Hey, Seattle. Remember last winter? How pleasantly warm and dry it was, almost like you live somewhere reasonable and not in a pool of tepid water near Canada? Well, you’re paying for it now.

In a new article on Investigate West, reporter Robert McClure looks at the future of the city’s dwindling supply, and the results are Not Good. Representatives from Seattle Public Utilities showed McClure models based on simulations of future climate patterns, and the forecast is quite bleak. McClure writes:

Scientists have long predicted that climate change will cause the Northwest to receive more rain and less snow. Hotter, drier weather causes more evaporation — and increases water demand. The scenario that played out this year included all of that.

Almost all the future scenarios modeled by SPU showed big drops in what’s known in water-utility lingo as “firm yield”: the amount of water that can be reliably delivered. Even assuming a drastic cutback in the amount of greenhouse gasses being emitted today, Seattle is looking at reduced firm yield of an average of about 30 percent through 2050, according to three of these future climate simulations. …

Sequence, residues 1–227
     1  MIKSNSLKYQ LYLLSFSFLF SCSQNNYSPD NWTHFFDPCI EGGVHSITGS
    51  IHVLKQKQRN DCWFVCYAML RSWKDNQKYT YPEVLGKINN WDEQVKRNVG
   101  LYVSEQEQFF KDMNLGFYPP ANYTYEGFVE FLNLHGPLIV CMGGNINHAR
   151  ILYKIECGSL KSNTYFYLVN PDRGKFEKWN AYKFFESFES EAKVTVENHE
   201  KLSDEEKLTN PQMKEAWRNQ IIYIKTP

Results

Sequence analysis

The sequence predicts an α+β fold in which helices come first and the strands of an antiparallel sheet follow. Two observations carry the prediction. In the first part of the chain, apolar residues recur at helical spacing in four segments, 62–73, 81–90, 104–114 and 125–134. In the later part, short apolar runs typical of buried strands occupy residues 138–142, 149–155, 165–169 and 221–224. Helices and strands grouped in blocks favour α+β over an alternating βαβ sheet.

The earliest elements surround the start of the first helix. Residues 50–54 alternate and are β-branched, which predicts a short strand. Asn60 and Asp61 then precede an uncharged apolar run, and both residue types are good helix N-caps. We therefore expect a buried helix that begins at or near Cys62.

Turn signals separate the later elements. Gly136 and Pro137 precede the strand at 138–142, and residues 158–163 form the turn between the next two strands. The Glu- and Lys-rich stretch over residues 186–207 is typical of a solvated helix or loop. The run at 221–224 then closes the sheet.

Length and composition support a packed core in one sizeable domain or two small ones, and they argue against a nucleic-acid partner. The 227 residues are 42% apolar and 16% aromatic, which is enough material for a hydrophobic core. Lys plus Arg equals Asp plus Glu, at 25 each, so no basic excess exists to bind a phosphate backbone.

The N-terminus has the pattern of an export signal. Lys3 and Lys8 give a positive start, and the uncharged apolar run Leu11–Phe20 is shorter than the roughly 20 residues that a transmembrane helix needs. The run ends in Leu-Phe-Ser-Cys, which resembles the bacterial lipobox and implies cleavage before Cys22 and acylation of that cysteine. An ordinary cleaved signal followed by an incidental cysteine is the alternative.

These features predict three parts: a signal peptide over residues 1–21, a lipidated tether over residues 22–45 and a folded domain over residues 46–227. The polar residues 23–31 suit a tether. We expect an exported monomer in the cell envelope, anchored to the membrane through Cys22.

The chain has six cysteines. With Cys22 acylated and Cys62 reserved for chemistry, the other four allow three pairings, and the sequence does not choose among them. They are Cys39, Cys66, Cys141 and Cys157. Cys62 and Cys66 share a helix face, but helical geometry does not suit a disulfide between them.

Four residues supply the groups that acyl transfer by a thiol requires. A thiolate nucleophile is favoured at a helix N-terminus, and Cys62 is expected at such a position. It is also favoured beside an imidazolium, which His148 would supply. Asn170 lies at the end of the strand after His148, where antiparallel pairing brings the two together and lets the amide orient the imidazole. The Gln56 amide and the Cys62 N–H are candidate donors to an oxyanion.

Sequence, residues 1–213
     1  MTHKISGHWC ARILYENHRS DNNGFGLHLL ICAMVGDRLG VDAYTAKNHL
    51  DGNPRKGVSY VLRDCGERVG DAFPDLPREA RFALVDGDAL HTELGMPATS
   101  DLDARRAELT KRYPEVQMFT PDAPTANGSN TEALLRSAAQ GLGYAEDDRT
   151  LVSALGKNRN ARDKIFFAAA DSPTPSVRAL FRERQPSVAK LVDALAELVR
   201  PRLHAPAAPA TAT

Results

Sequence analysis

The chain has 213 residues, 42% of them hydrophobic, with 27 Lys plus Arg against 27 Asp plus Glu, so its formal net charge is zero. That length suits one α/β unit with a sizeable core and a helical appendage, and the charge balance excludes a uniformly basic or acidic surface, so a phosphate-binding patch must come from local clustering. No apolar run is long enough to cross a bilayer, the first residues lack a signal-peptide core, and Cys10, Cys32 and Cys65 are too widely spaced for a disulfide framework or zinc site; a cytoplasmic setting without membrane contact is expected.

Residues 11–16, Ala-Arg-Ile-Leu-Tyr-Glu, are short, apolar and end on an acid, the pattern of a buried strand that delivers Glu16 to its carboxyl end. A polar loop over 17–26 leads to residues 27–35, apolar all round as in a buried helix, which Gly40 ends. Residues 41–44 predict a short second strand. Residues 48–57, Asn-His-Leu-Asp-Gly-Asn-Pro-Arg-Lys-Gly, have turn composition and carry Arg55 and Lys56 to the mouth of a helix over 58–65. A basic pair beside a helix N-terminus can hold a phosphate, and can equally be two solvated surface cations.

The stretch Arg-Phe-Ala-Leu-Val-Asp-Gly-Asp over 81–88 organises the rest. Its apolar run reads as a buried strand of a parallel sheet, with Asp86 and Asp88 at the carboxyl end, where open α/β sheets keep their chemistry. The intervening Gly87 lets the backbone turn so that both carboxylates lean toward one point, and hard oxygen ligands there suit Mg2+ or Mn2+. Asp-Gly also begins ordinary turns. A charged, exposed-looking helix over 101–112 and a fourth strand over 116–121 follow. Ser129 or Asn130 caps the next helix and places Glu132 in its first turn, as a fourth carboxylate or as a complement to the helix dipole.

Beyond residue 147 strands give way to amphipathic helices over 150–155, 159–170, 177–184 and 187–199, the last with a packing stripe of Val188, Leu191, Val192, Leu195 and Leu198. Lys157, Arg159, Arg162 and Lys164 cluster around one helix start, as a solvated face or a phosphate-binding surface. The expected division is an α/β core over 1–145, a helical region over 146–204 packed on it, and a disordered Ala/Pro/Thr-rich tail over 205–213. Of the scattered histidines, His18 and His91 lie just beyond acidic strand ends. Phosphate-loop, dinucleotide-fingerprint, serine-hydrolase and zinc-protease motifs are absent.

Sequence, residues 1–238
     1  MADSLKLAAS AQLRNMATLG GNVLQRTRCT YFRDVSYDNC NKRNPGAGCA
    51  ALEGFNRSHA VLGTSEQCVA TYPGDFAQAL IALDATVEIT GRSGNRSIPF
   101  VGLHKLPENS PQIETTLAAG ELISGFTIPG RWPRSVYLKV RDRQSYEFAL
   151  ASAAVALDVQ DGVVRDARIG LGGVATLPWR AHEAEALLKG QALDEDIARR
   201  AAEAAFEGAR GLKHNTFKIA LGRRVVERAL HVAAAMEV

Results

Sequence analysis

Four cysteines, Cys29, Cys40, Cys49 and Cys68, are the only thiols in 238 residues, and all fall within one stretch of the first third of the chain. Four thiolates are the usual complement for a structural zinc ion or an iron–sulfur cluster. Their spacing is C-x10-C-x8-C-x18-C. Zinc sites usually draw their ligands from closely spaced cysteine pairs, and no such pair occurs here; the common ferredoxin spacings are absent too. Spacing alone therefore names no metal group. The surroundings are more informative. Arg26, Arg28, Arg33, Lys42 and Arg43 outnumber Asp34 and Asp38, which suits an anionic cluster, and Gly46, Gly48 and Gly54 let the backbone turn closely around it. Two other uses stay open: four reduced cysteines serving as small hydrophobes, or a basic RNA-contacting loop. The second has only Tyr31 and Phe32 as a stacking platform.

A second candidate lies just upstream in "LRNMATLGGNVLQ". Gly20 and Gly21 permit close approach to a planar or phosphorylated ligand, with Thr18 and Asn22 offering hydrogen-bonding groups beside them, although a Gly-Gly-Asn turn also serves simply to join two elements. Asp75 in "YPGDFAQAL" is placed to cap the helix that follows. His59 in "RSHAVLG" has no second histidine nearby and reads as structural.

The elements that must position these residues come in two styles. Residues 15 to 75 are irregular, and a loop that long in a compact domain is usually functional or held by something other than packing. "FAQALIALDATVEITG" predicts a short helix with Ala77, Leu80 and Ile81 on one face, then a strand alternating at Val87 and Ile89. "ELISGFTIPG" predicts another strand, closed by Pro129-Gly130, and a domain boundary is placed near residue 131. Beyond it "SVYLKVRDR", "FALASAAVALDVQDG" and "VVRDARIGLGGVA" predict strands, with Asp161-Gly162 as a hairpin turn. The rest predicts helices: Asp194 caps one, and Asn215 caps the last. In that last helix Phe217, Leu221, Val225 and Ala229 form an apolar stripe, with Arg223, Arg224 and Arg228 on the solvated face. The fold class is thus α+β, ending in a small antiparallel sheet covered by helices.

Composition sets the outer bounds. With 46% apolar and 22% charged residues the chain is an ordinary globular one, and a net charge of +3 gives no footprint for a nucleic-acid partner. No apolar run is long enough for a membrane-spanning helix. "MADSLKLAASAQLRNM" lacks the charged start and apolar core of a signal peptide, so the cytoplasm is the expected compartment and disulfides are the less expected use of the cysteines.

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“We are setting the stage for our decision makers to wrestle with this,” said Ray Hoffman, director of SPU. “This year, as tough as it is, is a real revelation for what the future might look like.”

This future could involve getting water from: Lake Youngs, which holds 11 billion gallons that could be used to make up for shortfalls. The problem, however, is that as the water level drops, mud banks could be exposed and “windstorms could wash mud into the water supply,” McClure writes. “The city might well have to build a new water-treatment plant to filter out the crud. The last cost estimate: $200 million to $250 million.”

SPU is exploring other ideas for how to deal with this looming crisis. There are other reservoirs the city could tap. Or they could desalinate Puget Sound, although that would be hugely expensive. The better solution is conservation. And Seattle is really pretty good at it, compared to most American cities. From McClure:

Seattleites’ now-legendary water conservation efforts were strengthened by a severe 1991 water shortage which led to water use restrictions, including the city’s first ban on lawn watering. The water cutbacks served as a wakeup call for the populace. SPU programs like giveaways of low-flow showerheads and a block rate pricing structure that encouraged conservation all helped reduce the region’s thirst. But one of the biggest long-term changes in water use came from the state outlawing the sale of inefficient toilets and faucets in the early 1990’s.

Seattle today is using about the same amount of water it was in the late 1950s — with double the population.

Read McClure’s piece for more detailed information on Seattle’s water supply. But here’s the takeaway: Don’t move here. It’s too expensive, the weather sucks, you never know when Macklemore is going to run into you with his moped, and it looks like we could be very thirsty sometime soon.